I’m currently emerging from a particularly dark season of life. The demons of depression had me in their grasp for the last six months or so, and now I’m starting to come out of the lightning storm and back into the land where the sun shines. This is good. I am very pleased about this.
What I‘m not so pleased with is the fact that over that six month period, I put on some weight — an extra 30 pounds or so. I honestly didn’t realize it was that much until I stepped on the scale the other day. I mean, I knew I was wearing my jeans which are a bigger size, but that never really correlated to such a huge weight gain.
While it makes me sad to see the number on the scale has gone up so significantly, this sort of thing sometimes happens when you’re battling mental health issues. Physical health is obviously important, but you can’t take care of your body until you take care of your mind. My diet and exercise had to take a backseat while I dealt with my depression and anxiety issues. It was an unfortunate and physically unhealthy sacrifice, but it’s one I had to make. I would rather gain 30 pounds than lose my will to live altogether.
The good news, though, is that I’m in that place now where I can see the light and can once again bring my physical health to the forefront of my life. Since I’ve been a bit of a yo-yo dieter over the past decade or so, I know how to lose the weight — even though it comes off much slower than it did a decade ago. I know what foods to eat, what to avoid, how and when to move my butt, etc. I have all the tools to make it happen — and I will make it happen — and I will be back to my pre-depressive episode weight at some point.
But that is in the future. At an unknown time in the future, I will be where I was six months ago. I don’t know how long that will take. It could be six months; it could be three years. The timeline is fuzzy because there are no definites when you’re getting your body back. So, in the meantime, while I sweat and eat salad, I’ve got to learn to do something I’ve always struggled with.
I have to learn to accept my body the way it is. I think I even have to learn to love my body the way it is. Right now. This second. With its folds and rolls and squishy pudginess.
This is not something I excel at. I’ve had seasons of life where I’ve liked, even loved, my body, but those were good times — times when I was at a healthy weight, when I was taking care of myself, when I was, well, skinny. The times I’ve loved my body were the times when it was easy to love my body. All my clothes fit. I only had one chin. My muffin top was of the mini-muffin variety as opposed to the Costco size.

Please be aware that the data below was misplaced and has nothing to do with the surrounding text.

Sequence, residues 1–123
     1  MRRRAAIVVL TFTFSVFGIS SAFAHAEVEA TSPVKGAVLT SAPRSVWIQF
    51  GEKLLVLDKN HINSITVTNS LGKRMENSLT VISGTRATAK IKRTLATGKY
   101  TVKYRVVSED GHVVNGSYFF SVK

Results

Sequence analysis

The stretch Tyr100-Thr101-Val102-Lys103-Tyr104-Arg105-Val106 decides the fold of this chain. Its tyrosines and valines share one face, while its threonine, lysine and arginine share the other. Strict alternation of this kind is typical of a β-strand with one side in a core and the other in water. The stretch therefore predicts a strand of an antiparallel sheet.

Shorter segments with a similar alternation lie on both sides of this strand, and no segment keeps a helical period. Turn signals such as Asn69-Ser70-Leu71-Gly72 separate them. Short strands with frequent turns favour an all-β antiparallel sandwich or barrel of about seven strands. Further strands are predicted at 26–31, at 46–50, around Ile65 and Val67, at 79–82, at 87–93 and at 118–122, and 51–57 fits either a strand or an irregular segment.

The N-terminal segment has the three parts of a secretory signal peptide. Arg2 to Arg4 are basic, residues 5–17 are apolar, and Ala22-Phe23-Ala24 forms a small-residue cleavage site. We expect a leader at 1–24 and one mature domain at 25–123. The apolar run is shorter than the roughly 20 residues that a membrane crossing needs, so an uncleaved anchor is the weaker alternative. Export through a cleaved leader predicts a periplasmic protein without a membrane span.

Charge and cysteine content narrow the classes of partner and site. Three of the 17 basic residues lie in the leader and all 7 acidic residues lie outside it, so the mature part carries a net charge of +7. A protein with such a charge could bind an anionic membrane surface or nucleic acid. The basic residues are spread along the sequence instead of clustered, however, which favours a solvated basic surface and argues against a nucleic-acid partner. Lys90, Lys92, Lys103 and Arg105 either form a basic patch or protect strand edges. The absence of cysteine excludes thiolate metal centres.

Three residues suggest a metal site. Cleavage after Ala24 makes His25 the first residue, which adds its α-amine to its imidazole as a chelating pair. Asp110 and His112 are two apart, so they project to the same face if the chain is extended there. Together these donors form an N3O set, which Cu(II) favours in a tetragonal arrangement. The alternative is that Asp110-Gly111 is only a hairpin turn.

But now…now I’m embarking on a new season where I am going to learn to love my body even though it’s not in its optimum position. Because, even though my belly is bigger and the number on the scale is higher than it ever has been, that doesn’t change me as a person or me as a mom.
My arms may have more jiggle to them, but they are still strong enough to pick up my son when he scrapes his knee. My thighs may rub together more now, but my daughter can still sit on them while I bounce her up and down. My belly is squishier, but my kids can still lay on me and fall asleep on it after a long day.
My body doesn’t define who I am. I will not allow it to be a determining factor about how happy or unhappy I am with my life and myself. I will not scrutinize every damp inch when I get out of the shower. I will not wrinkle my nose in disgust when I look at myself in the mirror. I will not sigh and loathe the extra inches around my waist.
No, I will look at my body the way it is, was, and always will be — as a work-in-progress. It will never be perfect. It will always just “be.”
My body is important. Taking care of my body is important. But it’s just a part of me. And just like I’ve learned to love other flaws within myself — my temper, my insomnia, my impatience — I will learn to love my body, too.